WASHINGTON, March 25, 2021 /PRNewswire/ -- Today Frank McCourt announced a bold $100 million investment to catalyze an inclusive pipeline of public policy leaders and strengthen the capacity of civic institutions to have a transformational impact on society. The investment will reduce tuition barriers at the McCourt School of Public Policy, which includes eliminating tuition for the incoming class of National Urban Fellows. It will also enable Georgetown to expand and support its faculty and further its efforts to redirect the power of technology to work for the common good.
"Society is facing bigger challenges than ever before, making it essential that the people tasked with solving these challenges are not only well trained, but also represent the backgrounds and experiences of our full society," said Frank McCourt. "Too often, the people most impacted by problems like economic inequality or extractive technology aren't at the policy-making table. I have been very pleased with what has been accomplished under the leadership of President DeGioia and Dean Cancian since the creation of the McCourt School in 2013. This additional investment builds on the strong foundation and inclusive vision we have already set in motion. With this funding, the McCourt School can open its doors more widely and build a pipeline of future public policy leaders that reflects the true diversity of our communities. Our ambition is to one day eliminate all financial barriers to a McCourt education."
The investment builds on Frank McCourt's history of initiatives designed to deepen impact and inclusion at civic institutions. In 2013, he made a founding investment of $100 million to create the McCourt School of Public Policy, advancing his vision for a world-class public policy school dedicated to ethics and impact. Over the last decade, the McCourt School has established itself as not only one of the world's premier public policy institutions, but also a leader of transformational policy impact in critical areas from social policy reform to how policy can shape technology. This new investment reflects Frank McCourt's continued vision of building more diverse, inclusive policy-making and positions the McCourt School to be the most inclusive public policy school in the world.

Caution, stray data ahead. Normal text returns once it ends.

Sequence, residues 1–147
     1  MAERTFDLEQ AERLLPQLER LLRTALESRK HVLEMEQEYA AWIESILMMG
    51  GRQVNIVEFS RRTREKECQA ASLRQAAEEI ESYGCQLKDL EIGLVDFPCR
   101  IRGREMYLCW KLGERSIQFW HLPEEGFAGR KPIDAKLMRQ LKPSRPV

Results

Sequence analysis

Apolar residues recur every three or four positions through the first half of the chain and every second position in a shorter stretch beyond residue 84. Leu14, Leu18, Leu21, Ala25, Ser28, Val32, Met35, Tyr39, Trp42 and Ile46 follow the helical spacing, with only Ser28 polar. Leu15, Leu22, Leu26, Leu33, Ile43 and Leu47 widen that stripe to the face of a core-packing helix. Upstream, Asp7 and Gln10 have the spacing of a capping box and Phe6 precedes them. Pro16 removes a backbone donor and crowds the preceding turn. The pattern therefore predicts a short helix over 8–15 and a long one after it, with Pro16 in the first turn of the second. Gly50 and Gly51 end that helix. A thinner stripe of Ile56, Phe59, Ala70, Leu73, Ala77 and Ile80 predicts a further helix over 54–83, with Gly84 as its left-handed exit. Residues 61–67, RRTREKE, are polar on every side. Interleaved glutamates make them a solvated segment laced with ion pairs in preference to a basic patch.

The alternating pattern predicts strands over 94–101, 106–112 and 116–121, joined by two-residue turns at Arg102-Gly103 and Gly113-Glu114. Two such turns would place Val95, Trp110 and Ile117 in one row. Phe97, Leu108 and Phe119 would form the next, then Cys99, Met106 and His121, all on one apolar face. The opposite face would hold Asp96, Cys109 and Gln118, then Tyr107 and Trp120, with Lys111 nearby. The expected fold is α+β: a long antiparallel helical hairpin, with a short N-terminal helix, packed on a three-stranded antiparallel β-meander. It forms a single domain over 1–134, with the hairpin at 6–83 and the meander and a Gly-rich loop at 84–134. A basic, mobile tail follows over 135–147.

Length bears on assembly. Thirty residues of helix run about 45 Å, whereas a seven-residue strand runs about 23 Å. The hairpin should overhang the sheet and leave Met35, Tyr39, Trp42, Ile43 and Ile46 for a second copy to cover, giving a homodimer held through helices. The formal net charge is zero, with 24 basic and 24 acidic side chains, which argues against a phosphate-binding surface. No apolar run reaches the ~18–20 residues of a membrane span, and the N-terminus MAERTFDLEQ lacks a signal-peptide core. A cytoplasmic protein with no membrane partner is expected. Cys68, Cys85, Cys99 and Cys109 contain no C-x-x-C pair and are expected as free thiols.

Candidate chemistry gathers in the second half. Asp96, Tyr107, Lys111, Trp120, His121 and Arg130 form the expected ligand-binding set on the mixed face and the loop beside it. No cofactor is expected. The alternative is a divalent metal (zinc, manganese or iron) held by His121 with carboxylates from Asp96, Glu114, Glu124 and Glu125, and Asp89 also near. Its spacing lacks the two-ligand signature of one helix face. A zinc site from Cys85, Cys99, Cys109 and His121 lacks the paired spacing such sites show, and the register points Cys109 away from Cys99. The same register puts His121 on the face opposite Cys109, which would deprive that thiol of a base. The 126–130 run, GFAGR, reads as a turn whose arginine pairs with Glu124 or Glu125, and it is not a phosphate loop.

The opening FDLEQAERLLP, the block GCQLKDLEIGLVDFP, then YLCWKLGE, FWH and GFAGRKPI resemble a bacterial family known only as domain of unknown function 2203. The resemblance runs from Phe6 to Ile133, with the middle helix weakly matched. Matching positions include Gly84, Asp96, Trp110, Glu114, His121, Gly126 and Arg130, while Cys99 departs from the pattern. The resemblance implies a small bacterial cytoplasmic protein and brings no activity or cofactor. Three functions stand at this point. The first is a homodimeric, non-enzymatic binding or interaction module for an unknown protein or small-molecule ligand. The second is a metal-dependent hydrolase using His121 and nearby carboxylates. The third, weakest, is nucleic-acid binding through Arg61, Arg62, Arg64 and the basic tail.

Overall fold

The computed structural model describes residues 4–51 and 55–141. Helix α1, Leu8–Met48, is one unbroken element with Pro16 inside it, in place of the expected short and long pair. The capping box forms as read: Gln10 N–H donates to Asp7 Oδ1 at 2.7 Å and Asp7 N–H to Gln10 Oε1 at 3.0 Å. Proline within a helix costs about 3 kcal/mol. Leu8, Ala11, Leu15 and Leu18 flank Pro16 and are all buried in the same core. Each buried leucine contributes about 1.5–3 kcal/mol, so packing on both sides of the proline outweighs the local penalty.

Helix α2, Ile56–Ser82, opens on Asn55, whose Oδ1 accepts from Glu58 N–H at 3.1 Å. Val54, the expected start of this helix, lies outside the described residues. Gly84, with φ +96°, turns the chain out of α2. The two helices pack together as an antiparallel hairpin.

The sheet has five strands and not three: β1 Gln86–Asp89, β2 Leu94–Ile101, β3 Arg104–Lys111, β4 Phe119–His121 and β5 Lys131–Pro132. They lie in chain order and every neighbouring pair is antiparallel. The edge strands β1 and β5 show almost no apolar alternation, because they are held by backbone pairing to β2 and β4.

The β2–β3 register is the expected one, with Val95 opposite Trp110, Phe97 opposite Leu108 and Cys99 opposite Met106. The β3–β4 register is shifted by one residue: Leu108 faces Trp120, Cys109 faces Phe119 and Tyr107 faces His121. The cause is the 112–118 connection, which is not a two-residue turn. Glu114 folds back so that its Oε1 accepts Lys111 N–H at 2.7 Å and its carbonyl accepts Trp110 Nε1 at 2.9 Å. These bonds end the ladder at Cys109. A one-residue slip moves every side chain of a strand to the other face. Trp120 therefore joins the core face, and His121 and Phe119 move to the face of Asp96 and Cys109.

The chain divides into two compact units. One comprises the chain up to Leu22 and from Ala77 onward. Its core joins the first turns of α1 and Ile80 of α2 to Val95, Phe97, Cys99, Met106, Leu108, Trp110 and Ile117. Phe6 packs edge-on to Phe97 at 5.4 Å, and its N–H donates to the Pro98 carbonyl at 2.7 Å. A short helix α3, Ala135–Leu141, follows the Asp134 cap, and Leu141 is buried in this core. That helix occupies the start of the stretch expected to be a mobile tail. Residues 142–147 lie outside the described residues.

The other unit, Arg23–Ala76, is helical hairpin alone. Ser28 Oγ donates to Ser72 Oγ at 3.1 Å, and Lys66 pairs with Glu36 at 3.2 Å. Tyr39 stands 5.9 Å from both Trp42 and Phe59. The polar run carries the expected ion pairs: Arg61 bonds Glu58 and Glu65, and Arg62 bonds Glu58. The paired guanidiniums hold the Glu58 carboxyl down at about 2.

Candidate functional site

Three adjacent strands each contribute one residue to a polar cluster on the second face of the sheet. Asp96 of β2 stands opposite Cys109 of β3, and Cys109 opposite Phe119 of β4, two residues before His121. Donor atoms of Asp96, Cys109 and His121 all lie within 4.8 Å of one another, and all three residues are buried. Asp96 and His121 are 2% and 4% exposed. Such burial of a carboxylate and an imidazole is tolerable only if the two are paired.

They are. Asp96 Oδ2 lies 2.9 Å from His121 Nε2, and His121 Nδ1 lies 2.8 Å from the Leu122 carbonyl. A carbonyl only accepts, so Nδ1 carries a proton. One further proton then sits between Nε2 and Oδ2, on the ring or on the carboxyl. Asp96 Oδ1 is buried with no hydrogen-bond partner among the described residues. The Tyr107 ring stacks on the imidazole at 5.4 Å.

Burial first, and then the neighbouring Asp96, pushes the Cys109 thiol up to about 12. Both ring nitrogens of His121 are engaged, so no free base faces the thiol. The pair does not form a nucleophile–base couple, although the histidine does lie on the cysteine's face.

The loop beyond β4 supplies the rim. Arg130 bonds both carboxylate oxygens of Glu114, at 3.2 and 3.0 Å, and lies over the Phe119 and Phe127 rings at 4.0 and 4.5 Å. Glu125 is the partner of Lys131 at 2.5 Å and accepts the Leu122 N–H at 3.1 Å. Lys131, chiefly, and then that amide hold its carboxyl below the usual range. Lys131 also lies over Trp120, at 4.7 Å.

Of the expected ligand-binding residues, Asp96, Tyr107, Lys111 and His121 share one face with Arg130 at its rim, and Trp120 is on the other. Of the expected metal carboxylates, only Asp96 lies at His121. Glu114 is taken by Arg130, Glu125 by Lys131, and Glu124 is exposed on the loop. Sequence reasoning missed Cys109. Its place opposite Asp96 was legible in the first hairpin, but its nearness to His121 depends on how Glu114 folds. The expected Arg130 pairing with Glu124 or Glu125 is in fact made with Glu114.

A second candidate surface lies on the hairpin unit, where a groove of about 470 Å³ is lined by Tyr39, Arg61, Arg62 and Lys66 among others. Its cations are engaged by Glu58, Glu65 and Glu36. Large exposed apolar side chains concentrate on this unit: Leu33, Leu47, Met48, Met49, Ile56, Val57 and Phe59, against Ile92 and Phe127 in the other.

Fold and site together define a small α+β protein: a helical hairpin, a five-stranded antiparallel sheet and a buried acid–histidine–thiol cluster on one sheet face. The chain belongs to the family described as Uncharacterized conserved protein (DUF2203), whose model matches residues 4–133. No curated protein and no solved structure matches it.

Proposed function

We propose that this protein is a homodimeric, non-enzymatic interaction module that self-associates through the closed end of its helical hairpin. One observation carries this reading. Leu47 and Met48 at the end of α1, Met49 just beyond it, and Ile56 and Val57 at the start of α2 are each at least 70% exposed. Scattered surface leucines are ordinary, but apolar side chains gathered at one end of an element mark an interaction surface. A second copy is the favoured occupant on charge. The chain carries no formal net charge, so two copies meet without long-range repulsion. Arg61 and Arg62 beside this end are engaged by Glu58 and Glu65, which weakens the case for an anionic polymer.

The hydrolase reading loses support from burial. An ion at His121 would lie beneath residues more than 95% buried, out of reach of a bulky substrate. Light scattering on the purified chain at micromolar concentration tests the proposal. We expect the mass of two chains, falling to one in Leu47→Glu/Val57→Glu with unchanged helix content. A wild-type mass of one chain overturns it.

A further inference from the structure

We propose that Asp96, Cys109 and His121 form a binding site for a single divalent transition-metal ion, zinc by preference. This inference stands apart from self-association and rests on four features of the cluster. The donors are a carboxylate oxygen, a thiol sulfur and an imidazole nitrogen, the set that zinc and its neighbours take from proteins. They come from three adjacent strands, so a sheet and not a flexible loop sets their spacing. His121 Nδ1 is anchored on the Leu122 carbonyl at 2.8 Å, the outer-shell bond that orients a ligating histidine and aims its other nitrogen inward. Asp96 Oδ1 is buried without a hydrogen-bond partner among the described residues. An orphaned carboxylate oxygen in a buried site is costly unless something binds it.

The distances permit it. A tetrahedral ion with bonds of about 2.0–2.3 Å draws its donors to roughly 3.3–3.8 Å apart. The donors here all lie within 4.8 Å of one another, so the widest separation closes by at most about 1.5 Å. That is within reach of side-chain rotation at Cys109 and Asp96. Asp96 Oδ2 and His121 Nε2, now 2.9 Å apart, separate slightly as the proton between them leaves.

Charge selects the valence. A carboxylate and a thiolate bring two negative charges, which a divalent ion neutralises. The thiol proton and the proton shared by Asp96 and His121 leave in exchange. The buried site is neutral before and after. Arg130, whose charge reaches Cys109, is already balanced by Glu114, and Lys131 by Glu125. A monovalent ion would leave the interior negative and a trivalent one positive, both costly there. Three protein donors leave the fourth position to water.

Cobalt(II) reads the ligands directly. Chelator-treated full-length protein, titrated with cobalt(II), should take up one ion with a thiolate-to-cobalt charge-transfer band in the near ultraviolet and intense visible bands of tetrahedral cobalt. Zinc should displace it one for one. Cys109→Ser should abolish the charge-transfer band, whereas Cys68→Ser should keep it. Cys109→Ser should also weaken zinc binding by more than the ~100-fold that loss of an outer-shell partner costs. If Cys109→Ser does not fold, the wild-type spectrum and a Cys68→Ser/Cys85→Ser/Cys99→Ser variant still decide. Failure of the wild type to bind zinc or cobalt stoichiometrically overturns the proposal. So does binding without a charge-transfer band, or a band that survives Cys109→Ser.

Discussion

"Frank has long recognized the importance of focusing policy-making and decision-making on people," said John J. DeGioia, President of Georgetown University. "His vision of access and inclusion has been a driving force for the McCourt School since it was founded, enabling it to become one of the most impactful public policy schools in the world. This additional investment will reduce tuition barriers and expand access even further—strengthening public policy that much more."
This investment will enable the incoming class of National Urban Fellows—a 50-year-old organization dedicated to developing mid-career professionals, particularly women and men of color, to be leaders and change agents in the public and nonprofit sectors—to attend the McCourt School tuition-free in 2021-22. It is also an early and impactful step toward an ambitious goal of eliminating tuition barriers at the McCourt School more broadly, increasing access for students seeking a policy education, particularly those from underrepresented groups.